A security camera is something that you ideally don't want to worry about. You set it up and expect it to just work.
If you are in the camera market, you know that there are many options with a wide price range. The Wyze Cam Pan is a powerful surveillance camera at an incredibly affordable price. This camera has full pan, tilt and zoom (PTZ) functions, a free mobile app for monitoring, automatic motion tracking and warnings, free cloud backup, bidirectional voice communication and an SD card slot for expanded recording space.
At only $ 30 ($ 37 if you buy it on Amazon), is it too good to be true? Should you spend a little more and opt for a more expensive camera? Let's take a closer look and find out how good the Wyze Cam Pan is for the price.
You don't get much in the package; Only the camera and a micro USB power cable with power plug. You can power it with any USB source as long as it can deliver 2A. Keep in mind that when upgrading from a previous generation (the original Wyze Cam is still for sale and is even cheaper at $ 20), you'll need to use the new power supply and cables, as the old models don't deliver enough power.
The camera is all white with a soft touch finish, except for a ball on top with the image sensor. This part has a glossy plastic cover and turns up and down to ensure the camera can tilt. In terms of field of view, the camera can see a full 360 degrees horizontally, 93 degrees vertically and has up to 8x digital zoom.
Since it is a PTZ camera that is designed for vertical mounting, no additional mounting parts are included. You can mount it upside down in the ceiling or sideways on a wall, but it should sit on a shelf or other flat surface with a view of a room.
On the back we find cutouts for the internal speaker and a USB port, which surprisingly cannot be used. The official explanation on the Wyze website is that you should not use it because the camera can move and the cable may get caught on the camera. You may be able to daisy chain a second camera or other USB device, but your mileage may vary. Maybe it has a purpose with future software upgrades, but at the moment I don't know why it exists.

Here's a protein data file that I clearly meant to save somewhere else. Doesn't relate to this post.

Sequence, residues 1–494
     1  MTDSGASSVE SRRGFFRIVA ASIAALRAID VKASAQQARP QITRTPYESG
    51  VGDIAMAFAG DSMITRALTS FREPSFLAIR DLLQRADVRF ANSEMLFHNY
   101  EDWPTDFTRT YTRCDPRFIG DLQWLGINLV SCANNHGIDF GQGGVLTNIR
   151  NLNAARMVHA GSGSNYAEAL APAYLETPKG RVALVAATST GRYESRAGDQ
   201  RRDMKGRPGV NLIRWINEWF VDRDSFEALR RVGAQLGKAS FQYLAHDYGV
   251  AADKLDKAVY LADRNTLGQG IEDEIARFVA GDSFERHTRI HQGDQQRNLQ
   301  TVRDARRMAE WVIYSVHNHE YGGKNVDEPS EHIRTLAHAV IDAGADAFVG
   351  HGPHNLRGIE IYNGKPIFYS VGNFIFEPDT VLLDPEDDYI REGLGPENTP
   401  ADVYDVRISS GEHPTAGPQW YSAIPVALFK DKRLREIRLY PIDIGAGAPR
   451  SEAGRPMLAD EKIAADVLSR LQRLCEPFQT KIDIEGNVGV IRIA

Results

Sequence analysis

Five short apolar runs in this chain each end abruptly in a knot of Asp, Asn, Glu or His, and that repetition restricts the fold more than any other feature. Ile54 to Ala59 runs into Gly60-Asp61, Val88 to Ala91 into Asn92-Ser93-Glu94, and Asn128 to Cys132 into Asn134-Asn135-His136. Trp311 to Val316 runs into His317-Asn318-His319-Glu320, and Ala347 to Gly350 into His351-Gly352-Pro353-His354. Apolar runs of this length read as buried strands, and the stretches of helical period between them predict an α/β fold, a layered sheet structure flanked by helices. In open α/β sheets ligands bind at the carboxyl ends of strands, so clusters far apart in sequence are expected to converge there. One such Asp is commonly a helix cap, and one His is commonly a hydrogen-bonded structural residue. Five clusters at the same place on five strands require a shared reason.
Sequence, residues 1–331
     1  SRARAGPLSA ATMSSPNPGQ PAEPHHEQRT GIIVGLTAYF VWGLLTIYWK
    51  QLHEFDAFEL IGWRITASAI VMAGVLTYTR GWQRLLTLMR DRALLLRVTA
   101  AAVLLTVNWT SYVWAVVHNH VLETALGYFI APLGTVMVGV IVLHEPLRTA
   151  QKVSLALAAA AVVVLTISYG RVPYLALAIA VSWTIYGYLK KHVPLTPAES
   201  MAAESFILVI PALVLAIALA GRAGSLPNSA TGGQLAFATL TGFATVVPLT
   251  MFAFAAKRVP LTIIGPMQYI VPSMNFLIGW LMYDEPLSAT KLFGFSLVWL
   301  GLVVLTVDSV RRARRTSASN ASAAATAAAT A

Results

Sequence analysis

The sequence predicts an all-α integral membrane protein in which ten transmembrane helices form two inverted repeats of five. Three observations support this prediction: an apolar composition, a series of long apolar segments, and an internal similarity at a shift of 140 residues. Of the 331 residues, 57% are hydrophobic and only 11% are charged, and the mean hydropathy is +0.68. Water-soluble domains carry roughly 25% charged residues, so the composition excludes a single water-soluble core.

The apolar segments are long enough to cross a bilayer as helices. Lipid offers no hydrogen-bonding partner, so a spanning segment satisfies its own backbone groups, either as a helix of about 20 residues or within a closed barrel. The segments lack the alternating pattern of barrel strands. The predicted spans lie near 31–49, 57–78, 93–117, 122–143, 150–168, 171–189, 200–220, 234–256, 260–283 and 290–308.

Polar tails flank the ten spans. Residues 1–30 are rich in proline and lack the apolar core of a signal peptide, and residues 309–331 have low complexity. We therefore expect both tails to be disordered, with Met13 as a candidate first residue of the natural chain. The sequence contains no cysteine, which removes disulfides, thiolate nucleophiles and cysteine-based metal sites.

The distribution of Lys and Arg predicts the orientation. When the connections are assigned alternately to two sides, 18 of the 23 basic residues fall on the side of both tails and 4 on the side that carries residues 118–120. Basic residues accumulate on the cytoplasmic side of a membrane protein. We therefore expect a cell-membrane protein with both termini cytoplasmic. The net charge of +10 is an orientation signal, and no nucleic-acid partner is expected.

Wyze hasn't released much technical data for the camera, but we know that it has a 1080p sensor and is likely to record at around 15 frames per second. The picture quality is good and I will take some photos later in the review. To the left and right of the lens are a total of six IR LEDs for the surprisingly powerful night vision mode. They are not visible during the day and are only switched on if you have activated night vision.
If you previously owned an original Wyze Cam or Wyze Cam 2, the pan is much larger, but still retains the same design aesthetic. The original Wyze Cam models were incredibly successful with more than 150,000 registered users. The pan builds on its success and contains all the functions that have made it great. Now you can get PTZ functions for a little more.
At the base of the device is the rubberized base on which the pan rotates. The micro USB power connector is also plugged into this circular base. Therefore, make sure that there is enough space behind it during assembly. If you want, you can also use the included 1/4 "mounting socket to attach the pan to a tripod. On the outside of the base there are the setup button, a microSD card slot and the microphone. The microSD card slot is supported up to up to 32 GB and depending on your quality settings, you should be able to save a few days of continuous footage, I would recommend either a 16 GB or a 32 GB card so you don’t have to worry about losing footage.
The Wyze Cam Pan has three main shooting modes: burst, warnings, and time-lapse.
Continuous continuously records on the SD card and replaces old material when the card is full. Alarm mode records short 12-second clips when motion or certain sounds are detected. These clips can then be automatically backed up to the AWS cloud over a continuous 14 day period. You can also set up phone notifications that match these clips. Finally, time-lapse mode can record at predefined intervals and be useful for keeping an eye on a pet or baby from time to time.
Setting up the Wyze Cam Pan is easy. Download the free Android or iOS app and press the setup button on the bottom of the camera to start the process. The app will then display a QR code on your phone screen. Create an account and place your phone in front of the camera to pair the two. The whole process took less than three minutes. If you get stuck, the camera will also give audio instructions to continue.